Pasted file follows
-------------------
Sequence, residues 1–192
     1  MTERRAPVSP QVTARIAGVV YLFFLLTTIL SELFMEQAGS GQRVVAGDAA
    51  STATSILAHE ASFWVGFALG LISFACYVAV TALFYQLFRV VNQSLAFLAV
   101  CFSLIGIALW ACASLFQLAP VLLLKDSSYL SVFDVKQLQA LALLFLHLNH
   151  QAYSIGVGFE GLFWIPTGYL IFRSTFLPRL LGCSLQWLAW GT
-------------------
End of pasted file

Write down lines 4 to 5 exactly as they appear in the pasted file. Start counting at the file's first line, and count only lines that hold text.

   101  CFSLIGIALW ACASLFQLAP VLLLKDSSYL SVFDVKQLQA LALLFLHLNH
   151  QAYSIGVGFE GLFWIPTGYL IFRSTFLPRL LGCSLQWLAW GT